People with HIV At Risk for AIDS Dementia Complex

Dorian Martin Health Guide
  • There are many types of dementia – Alzheimer’s, Lewy Body dementia, and frontotemporal dementia (Pick’s disease), to mention a few. However, I wasn’t aware of one type of dementia – dementia caused by human immunodeficiency virus (HIV).  This type of dementia is known as AIDS dementia complex (ADC), HIV-associated dementia or HIV/AIDS encephalopathy.


    Before we go into dementia, let’s have a refresher course on HIV. According to The Body, The Complete HIV/AIDS Resource website, anyone can get HIV. “HIV is a virus; once it gets into your body, it can make you sick. It does so if you are rich or poor; 14 years old or 70; black or white; gay or straight; married or single,” Bonnie Goldman wrote on this site. I also recently posted a column about HIV for HealthCentral’s menopause site. In it, I reported that Womenshealth.gov (which is project of the U.S. Department of Health and Human Services Office on Women’s Health) has stated that almost a quarter of the U.S. population who have HIV are 50 years of age and older. Furthermore, women who are going through perimenopause or menopause have a greater risk of contracting HIV through sexual contact.

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    So now let’s delve into ADC. According to emedicinehealth.com, ADC occurs as the CD4+ count falls to fewer than 200 cells/microliter. The Body reports that CD4 cells are a type of white blood cell that is an important part of the immune system. These cells are often known as T-cells, of which there are two types. The T-4 cells (also called CD4+) are helper cells that lead the attack against infections. T-8 cells (CD8) are suppressor cells that end the immune response and killer cells that kill cancer cells and cells infected with a virus. A Danish study found that people age 50 or older with HIV had a significantly higher risk of contracting AIDS dementia complex after the initial AIDS diagnosis when compared with people age 30-39 years of age.


    The Body website states, “ADC is characterized by severe changes in four areas: a person’s ability to understand, process and remember information (cognition); behavior; ability to coordinate muscles and movement (motor coordination; or emotions (mood). These changes are called ADC when they’re believed to be related to HIV itself rather than other factors that might cause them, like other brain infections, drug side effects, etc.”


    Dementia due to HIV infection starts with subtle symptoms that then progress to become troublesome. According to emedicinehealth.com, these symptoms, which can vary from person to person, can include reduced productivity at work, poor concentration, difficulty learning new things, changes in behavior, confusion, apathy, depression, and withdrawal from hobbies and social activities. The signs of worsening dementia related to HIV are problems with speech and balance, clumsiness, muscle weakness, vision problems, and loss of bladder and bowel control. Other symptoms that are rarer include sleep disturbances, psychosis (extreme agitation, loss of contact with reality, inability to respond appropriately to the environment, delusions and hallucinations), mania (hyperactivity, poor judgment, extreme restlessness), and seizures.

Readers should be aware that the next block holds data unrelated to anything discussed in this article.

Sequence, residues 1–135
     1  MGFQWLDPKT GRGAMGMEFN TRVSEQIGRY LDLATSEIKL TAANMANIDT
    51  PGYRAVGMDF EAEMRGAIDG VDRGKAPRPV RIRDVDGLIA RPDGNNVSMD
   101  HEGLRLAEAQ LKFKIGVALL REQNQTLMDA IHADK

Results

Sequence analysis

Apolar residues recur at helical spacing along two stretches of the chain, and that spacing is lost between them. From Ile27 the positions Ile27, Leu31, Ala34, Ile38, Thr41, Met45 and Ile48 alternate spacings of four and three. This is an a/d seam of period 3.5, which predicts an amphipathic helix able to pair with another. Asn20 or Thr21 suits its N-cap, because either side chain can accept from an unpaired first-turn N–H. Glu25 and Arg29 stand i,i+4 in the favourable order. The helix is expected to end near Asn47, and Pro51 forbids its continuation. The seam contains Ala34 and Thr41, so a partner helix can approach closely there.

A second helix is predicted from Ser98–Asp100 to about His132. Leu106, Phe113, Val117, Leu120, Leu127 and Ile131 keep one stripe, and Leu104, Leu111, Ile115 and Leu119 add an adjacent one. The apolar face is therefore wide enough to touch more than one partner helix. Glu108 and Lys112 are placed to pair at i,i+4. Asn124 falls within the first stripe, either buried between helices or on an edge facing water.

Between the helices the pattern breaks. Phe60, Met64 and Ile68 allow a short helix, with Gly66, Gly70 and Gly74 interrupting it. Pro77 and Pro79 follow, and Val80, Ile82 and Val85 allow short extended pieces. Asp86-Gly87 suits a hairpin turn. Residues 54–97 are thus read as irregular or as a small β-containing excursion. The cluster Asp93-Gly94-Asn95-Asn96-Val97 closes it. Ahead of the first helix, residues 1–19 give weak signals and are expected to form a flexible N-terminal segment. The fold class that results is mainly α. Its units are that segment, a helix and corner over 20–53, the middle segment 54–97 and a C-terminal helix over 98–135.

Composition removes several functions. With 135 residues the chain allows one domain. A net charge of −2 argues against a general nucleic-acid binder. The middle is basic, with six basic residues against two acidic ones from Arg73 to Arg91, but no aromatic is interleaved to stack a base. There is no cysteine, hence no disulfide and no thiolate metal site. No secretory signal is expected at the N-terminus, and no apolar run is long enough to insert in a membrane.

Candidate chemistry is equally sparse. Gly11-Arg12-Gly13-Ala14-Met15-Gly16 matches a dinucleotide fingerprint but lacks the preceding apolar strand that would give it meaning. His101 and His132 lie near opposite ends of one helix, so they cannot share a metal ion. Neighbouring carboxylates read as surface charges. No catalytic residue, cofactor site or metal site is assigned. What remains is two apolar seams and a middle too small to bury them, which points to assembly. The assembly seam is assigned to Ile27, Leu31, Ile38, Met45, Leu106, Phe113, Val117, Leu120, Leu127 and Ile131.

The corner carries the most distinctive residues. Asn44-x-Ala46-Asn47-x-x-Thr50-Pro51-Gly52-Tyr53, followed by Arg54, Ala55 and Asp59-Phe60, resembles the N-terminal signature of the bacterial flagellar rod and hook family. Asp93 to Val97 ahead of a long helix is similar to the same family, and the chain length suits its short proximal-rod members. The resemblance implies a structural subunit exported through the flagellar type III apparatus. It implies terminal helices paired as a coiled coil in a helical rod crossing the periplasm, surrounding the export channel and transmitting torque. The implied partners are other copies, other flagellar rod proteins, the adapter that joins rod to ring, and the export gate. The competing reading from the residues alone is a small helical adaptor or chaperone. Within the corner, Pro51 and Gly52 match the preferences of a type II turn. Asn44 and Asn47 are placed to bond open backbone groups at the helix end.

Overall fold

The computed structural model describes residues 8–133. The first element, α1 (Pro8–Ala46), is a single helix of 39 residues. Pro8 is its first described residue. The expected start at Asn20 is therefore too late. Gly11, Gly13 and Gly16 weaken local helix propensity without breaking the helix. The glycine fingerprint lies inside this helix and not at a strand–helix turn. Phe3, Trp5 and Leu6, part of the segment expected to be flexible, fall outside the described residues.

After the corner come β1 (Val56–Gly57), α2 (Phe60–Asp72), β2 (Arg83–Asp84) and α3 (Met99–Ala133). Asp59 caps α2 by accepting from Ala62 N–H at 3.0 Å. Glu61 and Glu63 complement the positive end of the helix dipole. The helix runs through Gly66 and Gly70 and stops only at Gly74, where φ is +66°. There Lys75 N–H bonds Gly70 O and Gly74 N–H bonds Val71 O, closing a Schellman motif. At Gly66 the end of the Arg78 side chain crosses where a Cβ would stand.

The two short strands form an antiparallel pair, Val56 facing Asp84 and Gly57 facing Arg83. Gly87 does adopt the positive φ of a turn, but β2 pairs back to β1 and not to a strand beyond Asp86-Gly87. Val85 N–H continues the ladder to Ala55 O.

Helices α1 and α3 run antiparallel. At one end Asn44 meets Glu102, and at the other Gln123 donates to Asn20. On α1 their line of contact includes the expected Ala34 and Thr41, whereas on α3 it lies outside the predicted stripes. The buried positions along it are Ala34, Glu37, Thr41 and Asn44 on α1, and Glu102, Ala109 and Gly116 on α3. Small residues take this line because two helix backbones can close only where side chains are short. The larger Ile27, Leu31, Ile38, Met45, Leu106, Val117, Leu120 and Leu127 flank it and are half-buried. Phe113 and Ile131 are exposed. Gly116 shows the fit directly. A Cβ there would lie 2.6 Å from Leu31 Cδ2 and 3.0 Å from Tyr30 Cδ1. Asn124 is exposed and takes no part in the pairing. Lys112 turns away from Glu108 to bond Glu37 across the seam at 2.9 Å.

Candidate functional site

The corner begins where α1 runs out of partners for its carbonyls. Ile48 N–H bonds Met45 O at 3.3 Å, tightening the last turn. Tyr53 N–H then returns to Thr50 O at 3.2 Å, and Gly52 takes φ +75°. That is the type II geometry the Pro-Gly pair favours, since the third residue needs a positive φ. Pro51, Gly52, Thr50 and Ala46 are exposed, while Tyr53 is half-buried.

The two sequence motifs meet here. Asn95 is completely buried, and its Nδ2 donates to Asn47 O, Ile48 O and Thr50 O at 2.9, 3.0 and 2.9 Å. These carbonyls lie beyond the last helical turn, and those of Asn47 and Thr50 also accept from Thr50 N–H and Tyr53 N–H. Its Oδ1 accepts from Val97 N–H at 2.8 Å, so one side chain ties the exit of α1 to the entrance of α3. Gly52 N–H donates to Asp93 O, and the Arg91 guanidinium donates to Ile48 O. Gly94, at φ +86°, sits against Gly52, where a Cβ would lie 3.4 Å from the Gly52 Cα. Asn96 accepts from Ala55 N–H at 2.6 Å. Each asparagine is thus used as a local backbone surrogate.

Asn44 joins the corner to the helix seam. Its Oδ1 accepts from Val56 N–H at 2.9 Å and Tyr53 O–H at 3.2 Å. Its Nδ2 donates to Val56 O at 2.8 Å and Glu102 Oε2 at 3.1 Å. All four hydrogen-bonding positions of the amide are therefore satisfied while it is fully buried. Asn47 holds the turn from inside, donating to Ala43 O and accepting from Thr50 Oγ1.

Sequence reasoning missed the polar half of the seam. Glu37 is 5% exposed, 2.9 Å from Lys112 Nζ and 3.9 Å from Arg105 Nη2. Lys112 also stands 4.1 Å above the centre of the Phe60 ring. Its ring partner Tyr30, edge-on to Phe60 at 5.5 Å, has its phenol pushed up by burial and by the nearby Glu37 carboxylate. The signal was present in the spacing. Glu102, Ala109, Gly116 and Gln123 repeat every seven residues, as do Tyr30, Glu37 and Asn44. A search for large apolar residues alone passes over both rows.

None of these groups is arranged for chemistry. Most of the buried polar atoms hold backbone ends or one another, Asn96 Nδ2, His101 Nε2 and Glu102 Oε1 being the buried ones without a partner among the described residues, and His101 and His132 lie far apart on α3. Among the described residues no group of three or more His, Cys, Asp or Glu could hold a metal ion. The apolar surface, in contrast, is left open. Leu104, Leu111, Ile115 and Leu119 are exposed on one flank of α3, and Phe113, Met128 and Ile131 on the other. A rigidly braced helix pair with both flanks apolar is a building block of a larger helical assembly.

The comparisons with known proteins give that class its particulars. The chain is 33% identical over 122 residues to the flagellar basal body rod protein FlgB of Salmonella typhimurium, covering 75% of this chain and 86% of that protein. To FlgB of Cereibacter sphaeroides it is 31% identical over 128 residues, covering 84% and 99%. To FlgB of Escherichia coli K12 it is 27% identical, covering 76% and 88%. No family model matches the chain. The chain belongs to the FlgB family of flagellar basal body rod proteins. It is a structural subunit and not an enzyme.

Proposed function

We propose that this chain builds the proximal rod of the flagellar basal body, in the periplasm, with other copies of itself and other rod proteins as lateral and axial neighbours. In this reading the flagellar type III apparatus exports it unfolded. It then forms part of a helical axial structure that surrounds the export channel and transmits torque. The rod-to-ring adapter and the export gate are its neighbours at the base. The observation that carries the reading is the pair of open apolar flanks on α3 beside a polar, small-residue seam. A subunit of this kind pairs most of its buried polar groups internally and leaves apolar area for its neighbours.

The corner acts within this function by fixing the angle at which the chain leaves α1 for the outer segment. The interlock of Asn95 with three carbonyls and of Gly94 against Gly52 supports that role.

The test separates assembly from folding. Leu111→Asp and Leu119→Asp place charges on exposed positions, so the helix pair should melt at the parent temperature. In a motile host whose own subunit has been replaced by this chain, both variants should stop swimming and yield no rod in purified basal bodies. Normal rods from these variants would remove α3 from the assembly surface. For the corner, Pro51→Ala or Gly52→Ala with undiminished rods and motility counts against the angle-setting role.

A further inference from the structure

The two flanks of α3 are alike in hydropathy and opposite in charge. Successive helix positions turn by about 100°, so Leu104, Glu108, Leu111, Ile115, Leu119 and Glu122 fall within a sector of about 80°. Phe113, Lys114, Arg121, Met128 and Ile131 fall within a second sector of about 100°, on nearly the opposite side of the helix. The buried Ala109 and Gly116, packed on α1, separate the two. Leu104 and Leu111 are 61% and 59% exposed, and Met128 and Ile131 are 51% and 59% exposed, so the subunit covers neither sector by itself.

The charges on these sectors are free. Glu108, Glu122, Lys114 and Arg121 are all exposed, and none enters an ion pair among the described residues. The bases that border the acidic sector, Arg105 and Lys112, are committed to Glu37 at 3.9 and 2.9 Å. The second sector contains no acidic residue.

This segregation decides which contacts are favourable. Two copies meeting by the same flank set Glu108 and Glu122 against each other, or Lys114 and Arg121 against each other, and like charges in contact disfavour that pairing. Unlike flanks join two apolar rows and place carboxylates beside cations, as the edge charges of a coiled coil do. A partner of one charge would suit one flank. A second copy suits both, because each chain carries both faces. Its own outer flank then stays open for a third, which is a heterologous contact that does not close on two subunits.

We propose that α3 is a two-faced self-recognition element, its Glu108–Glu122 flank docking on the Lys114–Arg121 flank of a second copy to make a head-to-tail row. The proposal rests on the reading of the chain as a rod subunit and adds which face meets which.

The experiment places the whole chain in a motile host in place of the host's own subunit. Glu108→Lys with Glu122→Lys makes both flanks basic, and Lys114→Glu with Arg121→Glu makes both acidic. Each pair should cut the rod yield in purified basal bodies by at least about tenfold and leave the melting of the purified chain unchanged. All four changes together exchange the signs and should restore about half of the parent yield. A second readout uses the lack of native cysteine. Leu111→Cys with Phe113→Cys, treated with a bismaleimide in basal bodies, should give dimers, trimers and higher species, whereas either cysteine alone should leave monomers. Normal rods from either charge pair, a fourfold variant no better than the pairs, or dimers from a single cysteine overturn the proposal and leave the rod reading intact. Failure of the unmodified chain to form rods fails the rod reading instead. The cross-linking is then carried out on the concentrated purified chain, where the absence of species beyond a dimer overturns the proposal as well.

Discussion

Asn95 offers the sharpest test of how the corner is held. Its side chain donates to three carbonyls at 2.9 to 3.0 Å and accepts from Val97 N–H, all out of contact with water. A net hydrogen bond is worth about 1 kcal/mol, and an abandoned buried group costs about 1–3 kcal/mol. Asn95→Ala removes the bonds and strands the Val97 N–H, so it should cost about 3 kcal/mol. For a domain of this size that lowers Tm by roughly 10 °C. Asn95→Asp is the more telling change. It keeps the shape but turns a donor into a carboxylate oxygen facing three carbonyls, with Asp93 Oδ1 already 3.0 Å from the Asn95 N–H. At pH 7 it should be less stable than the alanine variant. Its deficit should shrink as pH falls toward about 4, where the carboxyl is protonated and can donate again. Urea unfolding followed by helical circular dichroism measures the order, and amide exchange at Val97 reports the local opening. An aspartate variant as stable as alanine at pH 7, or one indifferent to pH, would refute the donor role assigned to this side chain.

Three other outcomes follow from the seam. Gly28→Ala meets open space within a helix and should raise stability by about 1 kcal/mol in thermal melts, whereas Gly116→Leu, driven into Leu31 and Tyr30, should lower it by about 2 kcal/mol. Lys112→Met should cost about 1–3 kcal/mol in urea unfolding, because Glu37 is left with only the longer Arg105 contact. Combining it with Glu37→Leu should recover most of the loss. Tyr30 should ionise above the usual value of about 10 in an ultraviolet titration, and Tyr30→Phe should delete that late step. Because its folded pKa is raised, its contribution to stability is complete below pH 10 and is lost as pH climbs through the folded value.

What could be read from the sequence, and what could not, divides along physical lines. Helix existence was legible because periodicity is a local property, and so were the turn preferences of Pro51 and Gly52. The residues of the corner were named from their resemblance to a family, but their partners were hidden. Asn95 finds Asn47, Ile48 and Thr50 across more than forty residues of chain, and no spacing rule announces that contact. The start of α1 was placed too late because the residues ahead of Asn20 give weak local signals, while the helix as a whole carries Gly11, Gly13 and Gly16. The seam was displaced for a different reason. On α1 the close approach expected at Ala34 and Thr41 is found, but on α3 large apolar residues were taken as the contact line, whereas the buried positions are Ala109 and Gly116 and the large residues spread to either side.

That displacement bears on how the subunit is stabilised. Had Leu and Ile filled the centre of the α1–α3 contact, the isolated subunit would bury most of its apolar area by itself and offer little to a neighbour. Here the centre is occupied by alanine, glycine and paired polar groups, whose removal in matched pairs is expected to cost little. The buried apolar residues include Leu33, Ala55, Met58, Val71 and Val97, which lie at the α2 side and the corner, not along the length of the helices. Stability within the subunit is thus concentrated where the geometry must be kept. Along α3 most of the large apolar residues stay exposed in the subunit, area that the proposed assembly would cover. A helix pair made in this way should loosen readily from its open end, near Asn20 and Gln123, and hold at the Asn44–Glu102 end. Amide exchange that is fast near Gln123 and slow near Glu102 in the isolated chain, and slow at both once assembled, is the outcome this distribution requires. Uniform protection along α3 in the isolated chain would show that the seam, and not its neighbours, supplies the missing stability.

• Interestingly, ADC may be the first sign that a person has AIDS. However, emedicinehealth.com reports that antiretroviral therapy (HAART) has caused the frequency of ADC to decline form 30-60% of people who are infected with HIV to less than 20%. HAART has been found to improve mental function in people who already have ADC.

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    Scientists are making some progress in understanding HIV-related dementia. USA Today recently reported that researchers have found two genetically distinct types of HIV in the cerebrospinal fluid of people who have HIV-associated dementia. Researchers believe that these two HIV types, which grow in the central nervous system, may explain why the chances of neurological difficulties increase as AIDS patients live longer.


    The good news with this type of dementia is that you actually can prevent it by making the necessary choices to avoid being infected by HIV. Make sure that you never have unprotected sex and you don’t share needles or other equipment that is used to inject drugs with other people.

Published On: October 11, 2011